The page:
By Tina Jepson
I recently hosted a housewarming party, and quite a few of our guests mentioned our kitchen prep sink. “We’re dying to have a second sink!” “Wow, this must really come in handy!” To be honest, I never gave much thought to the feature before, but all this interest got me thinking. Why is it that everyone wants a prep sink in their kitchen? Is it worth it?
To understand the pros and cons of a prep sink in a kitchen island, it’s vital to understand what a prep sink is used for. Of course, prep sink use varies depending on your kitchen activity. Most families with a prep sink use it in one of two ways: as a secondary sink during busy holiday cooking-sessions or as a bar sink.
While the benefits of a prep sink are numerous, it’s not always a good idea to install a prep sink in an island. Here are some of the pros and cons to consider before you tackle this project.
Space Requirements for a Prep Sink
Con: Prep sinks take up valuable counter space
Prep sinks installed on your kitchen island ultimately take away your overall counter space, which is a definite consideration for many homeowners. If you’re already struggling with a lack of work area in your kitchen, then a prep sink may not be the best idea.
Pro: Prep sinks are slightly smaller than traditional kitchen sinks
Prep sink size varies between models and shapes, but the average prep sink is smaller than a normal kitchen sink.
For square/rectangular sinks, look for something between 13” by 16” to 16” by 18”. On the other hand, round sinks average around 18”-20” in diameter.
Depending on your needs, the depth of the prep sink may also measure less than a traditional kitchen sink. Consider how you’ll use the sink before you settled on one. For example, if you plan to prep copious amount of food, drain pasta with a colander, or fill up pots and pans with water using your prep sink, it needs to be larger.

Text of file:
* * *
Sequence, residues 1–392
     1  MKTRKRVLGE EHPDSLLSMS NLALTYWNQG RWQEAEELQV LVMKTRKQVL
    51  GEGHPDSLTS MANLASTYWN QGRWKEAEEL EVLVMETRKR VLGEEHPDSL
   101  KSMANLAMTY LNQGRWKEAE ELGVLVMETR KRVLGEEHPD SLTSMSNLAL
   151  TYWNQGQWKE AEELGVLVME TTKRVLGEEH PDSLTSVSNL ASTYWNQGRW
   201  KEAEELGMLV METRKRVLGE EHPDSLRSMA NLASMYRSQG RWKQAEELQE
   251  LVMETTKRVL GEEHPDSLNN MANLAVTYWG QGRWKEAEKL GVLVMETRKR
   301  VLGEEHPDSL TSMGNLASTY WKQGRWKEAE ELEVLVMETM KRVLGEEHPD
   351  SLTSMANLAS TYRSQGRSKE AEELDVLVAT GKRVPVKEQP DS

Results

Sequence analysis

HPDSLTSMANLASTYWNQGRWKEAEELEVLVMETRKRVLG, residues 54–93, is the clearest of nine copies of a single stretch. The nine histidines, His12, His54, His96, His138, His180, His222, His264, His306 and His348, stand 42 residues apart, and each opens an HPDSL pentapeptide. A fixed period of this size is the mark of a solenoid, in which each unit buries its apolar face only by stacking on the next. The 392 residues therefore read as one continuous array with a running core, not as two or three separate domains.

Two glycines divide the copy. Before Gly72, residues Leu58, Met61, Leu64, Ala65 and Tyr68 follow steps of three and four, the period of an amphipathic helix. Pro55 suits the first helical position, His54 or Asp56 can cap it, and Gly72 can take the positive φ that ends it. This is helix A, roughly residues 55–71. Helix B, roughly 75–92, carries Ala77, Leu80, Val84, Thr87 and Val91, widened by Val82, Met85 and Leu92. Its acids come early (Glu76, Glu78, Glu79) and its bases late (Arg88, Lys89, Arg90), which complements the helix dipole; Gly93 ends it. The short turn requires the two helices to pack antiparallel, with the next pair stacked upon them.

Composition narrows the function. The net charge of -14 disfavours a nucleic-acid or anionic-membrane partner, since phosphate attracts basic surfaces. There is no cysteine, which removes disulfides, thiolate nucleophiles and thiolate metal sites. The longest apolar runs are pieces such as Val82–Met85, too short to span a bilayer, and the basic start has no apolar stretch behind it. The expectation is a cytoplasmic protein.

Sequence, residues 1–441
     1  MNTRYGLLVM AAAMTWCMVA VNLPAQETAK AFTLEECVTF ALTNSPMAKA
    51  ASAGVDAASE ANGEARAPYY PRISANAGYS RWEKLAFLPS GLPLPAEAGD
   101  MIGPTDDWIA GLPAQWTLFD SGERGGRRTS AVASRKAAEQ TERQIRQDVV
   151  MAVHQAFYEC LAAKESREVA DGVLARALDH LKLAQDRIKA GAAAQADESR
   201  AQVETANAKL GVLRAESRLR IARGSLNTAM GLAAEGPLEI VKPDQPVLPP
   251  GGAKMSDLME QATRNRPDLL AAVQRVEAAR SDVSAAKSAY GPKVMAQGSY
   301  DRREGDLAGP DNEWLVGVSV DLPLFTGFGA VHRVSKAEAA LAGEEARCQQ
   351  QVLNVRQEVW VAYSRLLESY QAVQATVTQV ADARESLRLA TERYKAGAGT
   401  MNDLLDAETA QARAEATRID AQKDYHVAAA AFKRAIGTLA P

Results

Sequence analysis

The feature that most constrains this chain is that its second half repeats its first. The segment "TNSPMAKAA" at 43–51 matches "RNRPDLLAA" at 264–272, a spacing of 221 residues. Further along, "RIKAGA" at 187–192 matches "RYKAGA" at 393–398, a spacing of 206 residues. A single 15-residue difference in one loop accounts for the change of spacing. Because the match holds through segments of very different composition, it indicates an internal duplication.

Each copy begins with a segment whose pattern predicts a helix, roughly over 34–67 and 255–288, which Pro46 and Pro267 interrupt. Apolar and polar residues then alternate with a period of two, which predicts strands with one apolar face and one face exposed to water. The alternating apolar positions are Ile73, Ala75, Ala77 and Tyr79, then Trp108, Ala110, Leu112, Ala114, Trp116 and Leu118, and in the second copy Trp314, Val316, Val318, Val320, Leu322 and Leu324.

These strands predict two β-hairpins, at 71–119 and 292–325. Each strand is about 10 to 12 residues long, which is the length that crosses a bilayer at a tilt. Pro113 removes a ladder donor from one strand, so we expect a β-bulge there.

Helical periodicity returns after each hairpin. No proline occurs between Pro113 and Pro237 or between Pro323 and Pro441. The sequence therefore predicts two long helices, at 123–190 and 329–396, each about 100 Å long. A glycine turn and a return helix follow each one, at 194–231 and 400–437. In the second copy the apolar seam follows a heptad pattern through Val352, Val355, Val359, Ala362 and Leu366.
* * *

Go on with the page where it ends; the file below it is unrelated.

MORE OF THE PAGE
Con: The sink bottom and plumbing must be hidden
It’s not as simple as throwing in a sink and calling it a day. In fact, prep sinks require just as much plumbing as a regular kitchen sink. That means that the sink will likely take up some coveted cabinet space and displace the plates, bowls, and other things you used to store there.
Pro: The space under a prep sink CAN be used for storage (if you think outside the box)
While you lose your full lower cabinet or open space to the new prep sink, you can still use the area for storage — but you must be clever about it. Try putting your plastic containers, cleaning supplies, or even excess bar products.
The space under our prep sink in island doubles as a bar sink cabinet, including mixers and liquor. Since the primary use of our prep sink is for bar-related tasks, it seemed like a natural fit.
Pro: Installing a prep sink isn’t an expensive renovation if your utilities are already there.
When the island is primed for a sink, a simple prep sink installation can run you anywhere from $200 to $500. But things get more expensive as the size and scope of your project broadens. If you require plumbing or electrical connections, your price can easily reach $1,000 or more.
Con: Many homeowners with a prep sink don’t use it often enough to justify its use
Will you use your prep sink on holidays or every day? Do you need full plumbing or just a basin? These are the questions you must ask before you invest in a prep sink.
In our home, our sink is most often used as a basin/container to hold iced beverages, such as beer and wine during parties. Once or twice a year, we use it to prepare feasts for the holidays. So, would it be cost-effective for us to install a prep sink if he didn’t have one already? Probably not.
But that doesn’t mean you won’t get use out of it. Consider how and when you’ll use a prep sink in island, the costs, and space requirements, and then make the call.
As with all home renovations, a prep sink in island is a functional addition that can make your life easier and your kitchen seem more exquisite.
Images used with permission, courtesy of Tina Jepson and www.shutterstock.com